South Africa is facing critical social and environmental challenges. Corruption, unemployment, a sluggish economy, violent crime, immigration, street gang violence, and land expropriation top the list. High priorities include education, energy, and government effectiveness. Surprise load-shedding yesterday got everyone’s attention and emphasized South Africa’s energy crisis!
Why Load-Shedding and Rolling Blackouts?
I’ve experienced load-shedding in South Africa, but yesterday was the first time during this visit, and I’ve been here since May. Interestingly, there was no formal blackout notification, except for a Twitter message posted the same day the outages occurred. The tweet didn’t specify if it was a “one-off or the start of extended rolling blackouts”.
The blackouts were blamed on “high levels of unexpected breakdowns at coal-fired power plants“. Eskom “cut megawatts from the national grid due to boiler tube leaks at five of its generating units and the breakdown of a conveyor belt used to supply coal to its Medupi Power Plant”. With these shortages, “pumped storage and open cycle gas turbine facilities were used extensively, resulting in lower dam levels and diesel supplies”. Not sure I understand that technical explanation, but the gist of what’s happening seems clear.
Load-shedding occurs in stages, depending on the shortage necessary to meet electricity demand. Stage 1 is the least and Stage 4 the most serious. The Western Cape outage was Stage 2. It lasted from 09:00 to 23:00 and rolling outages ran for a maximum of 2.5 hours. More load-shedding will occur.
Day Trip Cape Town
I was en route to Cape Town for the day to take care of personal business when I heard of the blackouts on the radio. As I traveled the N2 highway, I wondered if there would be chaos in Cape Town. Thankfully, there was little visible evidence of blackouts, but just the same, I decided to forgo an evening in Cape Town and drive back to Hermanus. That meant I had to leave early enough to drive over Sir Lowry’s Pass before dark!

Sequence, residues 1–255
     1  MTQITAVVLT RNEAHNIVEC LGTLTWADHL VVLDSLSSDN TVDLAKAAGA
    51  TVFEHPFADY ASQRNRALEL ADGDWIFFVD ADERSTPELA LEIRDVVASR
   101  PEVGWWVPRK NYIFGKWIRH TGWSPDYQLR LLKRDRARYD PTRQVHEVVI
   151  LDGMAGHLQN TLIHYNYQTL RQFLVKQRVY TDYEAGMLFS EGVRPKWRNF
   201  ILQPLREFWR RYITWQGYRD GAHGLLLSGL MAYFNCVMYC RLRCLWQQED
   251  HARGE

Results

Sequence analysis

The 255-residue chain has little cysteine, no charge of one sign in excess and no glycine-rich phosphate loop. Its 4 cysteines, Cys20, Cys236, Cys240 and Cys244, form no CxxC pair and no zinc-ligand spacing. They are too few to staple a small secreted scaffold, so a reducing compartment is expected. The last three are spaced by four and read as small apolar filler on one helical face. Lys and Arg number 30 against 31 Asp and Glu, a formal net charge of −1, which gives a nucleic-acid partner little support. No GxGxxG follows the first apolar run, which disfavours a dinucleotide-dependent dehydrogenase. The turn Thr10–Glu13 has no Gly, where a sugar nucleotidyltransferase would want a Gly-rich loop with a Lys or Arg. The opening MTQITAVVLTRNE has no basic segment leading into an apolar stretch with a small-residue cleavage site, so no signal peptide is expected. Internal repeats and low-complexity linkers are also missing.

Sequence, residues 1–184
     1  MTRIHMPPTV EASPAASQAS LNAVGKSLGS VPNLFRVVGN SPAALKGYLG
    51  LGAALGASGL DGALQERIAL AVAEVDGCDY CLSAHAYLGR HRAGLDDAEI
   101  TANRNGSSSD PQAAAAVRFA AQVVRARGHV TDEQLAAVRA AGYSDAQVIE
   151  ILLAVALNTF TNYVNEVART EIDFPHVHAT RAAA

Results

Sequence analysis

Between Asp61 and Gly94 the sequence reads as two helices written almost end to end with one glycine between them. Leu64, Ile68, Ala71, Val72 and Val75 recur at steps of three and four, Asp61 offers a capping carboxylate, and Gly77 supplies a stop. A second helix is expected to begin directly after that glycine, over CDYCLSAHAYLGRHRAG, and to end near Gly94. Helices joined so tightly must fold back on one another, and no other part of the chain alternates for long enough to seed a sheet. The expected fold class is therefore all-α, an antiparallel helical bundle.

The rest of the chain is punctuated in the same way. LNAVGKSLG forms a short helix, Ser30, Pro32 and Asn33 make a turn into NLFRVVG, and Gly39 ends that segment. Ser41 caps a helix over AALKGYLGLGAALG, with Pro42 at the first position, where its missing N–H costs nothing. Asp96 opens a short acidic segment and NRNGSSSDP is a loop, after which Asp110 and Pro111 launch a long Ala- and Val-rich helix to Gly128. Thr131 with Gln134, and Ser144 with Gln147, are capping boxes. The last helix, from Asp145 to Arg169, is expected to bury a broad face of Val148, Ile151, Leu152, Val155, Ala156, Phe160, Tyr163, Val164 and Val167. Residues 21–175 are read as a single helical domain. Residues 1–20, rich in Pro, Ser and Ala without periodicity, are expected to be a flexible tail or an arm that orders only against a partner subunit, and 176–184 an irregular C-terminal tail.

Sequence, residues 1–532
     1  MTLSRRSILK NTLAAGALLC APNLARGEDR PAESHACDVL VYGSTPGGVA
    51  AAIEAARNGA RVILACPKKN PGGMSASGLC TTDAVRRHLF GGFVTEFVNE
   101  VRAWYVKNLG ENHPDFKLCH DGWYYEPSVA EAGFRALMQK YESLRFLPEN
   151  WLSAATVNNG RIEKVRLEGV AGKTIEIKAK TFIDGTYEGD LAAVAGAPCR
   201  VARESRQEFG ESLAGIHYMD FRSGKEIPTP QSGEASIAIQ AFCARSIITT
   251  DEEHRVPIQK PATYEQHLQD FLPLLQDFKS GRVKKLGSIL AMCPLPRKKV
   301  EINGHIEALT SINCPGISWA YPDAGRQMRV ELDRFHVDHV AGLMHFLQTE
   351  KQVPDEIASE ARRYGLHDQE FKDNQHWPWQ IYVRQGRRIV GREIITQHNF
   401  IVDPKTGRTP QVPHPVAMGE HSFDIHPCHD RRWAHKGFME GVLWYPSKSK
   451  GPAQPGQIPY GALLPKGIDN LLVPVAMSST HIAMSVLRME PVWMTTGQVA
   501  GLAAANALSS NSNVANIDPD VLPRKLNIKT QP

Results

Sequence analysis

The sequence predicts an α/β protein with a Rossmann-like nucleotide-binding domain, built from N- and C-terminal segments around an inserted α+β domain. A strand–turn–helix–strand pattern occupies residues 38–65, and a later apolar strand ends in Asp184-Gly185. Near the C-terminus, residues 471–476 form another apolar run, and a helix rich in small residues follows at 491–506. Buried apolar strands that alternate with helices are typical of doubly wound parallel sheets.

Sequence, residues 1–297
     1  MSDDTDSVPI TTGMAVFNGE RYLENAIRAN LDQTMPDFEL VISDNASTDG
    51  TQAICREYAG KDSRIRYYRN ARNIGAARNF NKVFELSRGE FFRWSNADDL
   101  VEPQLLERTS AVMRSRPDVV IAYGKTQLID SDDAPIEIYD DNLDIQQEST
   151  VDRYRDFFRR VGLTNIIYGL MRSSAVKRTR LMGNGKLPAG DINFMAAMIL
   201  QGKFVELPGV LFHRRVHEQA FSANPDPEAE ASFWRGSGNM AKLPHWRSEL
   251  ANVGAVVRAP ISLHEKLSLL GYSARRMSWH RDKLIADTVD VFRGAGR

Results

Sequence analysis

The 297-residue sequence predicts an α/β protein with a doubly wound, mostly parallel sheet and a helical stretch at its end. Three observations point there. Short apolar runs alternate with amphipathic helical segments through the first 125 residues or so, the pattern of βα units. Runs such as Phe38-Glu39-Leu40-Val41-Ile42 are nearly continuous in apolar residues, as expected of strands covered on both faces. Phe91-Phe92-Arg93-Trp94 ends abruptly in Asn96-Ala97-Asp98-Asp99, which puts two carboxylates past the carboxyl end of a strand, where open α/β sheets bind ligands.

“The ruling African National Congress has unveiled billions of dollars in bailouts for Eskom this year, but failed to agree on reforms to end the utility’s debt spiral.”
On the way back to Hermanus, the N2 near Somerset West is often disorderly. There’s gridlock, bottlenecked traffic, motorcycles dangerously weaving in and out between cars, hitchhikers, vendors selling their goods, road construction, animals and people crossing the highway (yes really), and overloaded bakkies (trucks) with laborers hanging off the sides and out the back. I was driving behind children riding in the back of an old station wagon who were amusing themselves by perilously opening and closing the back hatch – yikes. We played hand waving games until their car turned off.
The Pass is a terrifying stretch of road (at least to me) with no median dividing traffic passing in the opposite direction. Trucks brimming with steel, bricks, lumber, and other heavy materials can tip going around sharp curves. I’ve witnessed horrible accidents along the Pass. Poor nighttime visibility makes it even more dangerous!
I made it back safely, just before dark. The Hermanus blackout began an hour later. More blackouts are expected, so I charged things, got out battery-operated lights, and have ingredients for salads and uncooked meals.
“A new round of blackouts should be a strong incentive for the urgency to address prevailing issues at Eskom.” Piotr Matys, Currency Strategist
Electricity Supply Commission of South Africa (Eskom)